Celebrate National Trails Day with a hike
Discovery Place Science
Each year, on the first Saturday of June, people across the nation celebrate local parks and forests on National Trails Day. Besides providing us with beautiful scenery to admire, the trail systems serve as habitats for local wildlife, promote healthy living, act as natural buffer zones from pollution run-off and more.
Whether you are new to Charlotte or a native Charlottean looking for something different and exciting to do, get ready to wander! With stay-at-home restrictions lifting, this is the perfect time to start down a new path (quite literally). There are ample hiking grounds to choose from right within the Charlotte area and just beyond, from Crowders Mountain State Park (approximately a 45-minute drive) to Gorges State Park (about a three-hour drive).
For first-time hikers, here are some hiking tips to help you along your way:
- For many, the natural world brings a sense of peace and serves as a tranquil place for reflection. Avoid disrupting the serene setting. Use quiet voices and silence electronics to enjoy the stillness and get a break from the busy pace of everyday life.
- Out of respect for other trail users, if you come across a hiker walking uphill while you are descending, allow them to pass before you continue.
- With summer nearly upon us, hot weather is on the horizon. Beat the heat by starting your hike earlier in the day while it is cooler. Also, be aware that materials like cotton are hydrophilic, which means they attract water molecules and other moisture. When selecting your outfit, go for synthetic materials commonly found in modern athletic wear. Lastly, know the symptoms of heat exhaustion before you leave the house. If you or a friend are experiencing nausea, vomiting, pale face, cool and moist skin, headache and/or cramps, take a break and hydrate (don’t forget to bring water!).
- While on your trek, stay alert for plants that can cause allergic reactions. The leaves of poison ivy and poison oak are always grouped in threes. Poison sumac typically has 7–13 smooth, oval leaflets arranged in pairs around a reddish stem.
- Many hikers live by Leave No Trace principles. In addition to taking everything you bring in back out with you, try to leave a trail better than you found it. Bring a trash bag and gloves to pick up food wrappers, bottles, cigarette butts, anything you find along the way that does not belong. Set an example for children by being a good neighbor and lending a helping hand to our parks.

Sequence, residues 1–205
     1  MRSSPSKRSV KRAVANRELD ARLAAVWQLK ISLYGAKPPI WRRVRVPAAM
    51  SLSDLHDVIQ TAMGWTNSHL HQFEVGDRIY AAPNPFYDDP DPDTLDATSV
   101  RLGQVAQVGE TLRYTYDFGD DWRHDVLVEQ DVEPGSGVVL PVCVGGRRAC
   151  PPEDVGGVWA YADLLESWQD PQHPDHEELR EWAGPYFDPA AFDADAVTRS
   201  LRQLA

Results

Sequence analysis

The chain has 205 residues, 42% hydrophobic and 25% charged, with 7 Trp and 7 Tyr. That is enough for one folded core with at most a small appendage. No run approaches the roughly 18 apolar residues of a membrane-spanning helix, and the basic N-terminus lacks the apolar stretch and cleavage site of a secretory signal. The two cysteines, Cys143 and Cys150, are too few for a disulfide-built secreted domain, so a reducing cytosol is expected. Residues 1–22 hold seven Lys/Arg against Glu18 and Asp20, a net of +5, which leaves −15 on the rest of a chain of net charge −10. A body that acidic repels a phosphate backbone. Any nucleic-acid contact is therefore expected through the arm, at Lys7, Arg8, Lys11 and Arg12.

- If hiking with the family, create a story about the things you see around you to keep young children engaged. They’ll be entertained trying to think about what birds do in their free time, which should keep them distracted from any meltdowns or tantrums. Another way to keep the little ones entertained while on a hike is with a scavenger hunt. Online templates feature pinecones, spiderwebs and wildflowers as items that make good searches. Or try leaf and bark rubbings to stretch out their creative sides but be gentle to avoid damaging plants. Lastly, break out the timeless silent game, with its simple rules but powerful effects, it's a lifesaver for tired parents.
If this is your first hike or your 101st, consider bringing something to record your observations and musings. You can do this with a simple notebook to jot down thoughts, draw sketches of what you see, or capture a poem inspired by nature. Or, if you are not disconnecting completely, consider an app like iNaturalist, where you can record your adventures for others to see and scientists to use as part of their data collection.
Each hike looks different depending on your level of expertise but remember, every step counts. The health benefits from hiking range from lowering blood pressure to relieving arthritis pain. As a low-impact activity, it keeps your body from being overworked and keeps you in shape. It also helps with anxiety since walking releases accumulated adrenaline in your body, which causes stress and tension.
Happy National Trails Day!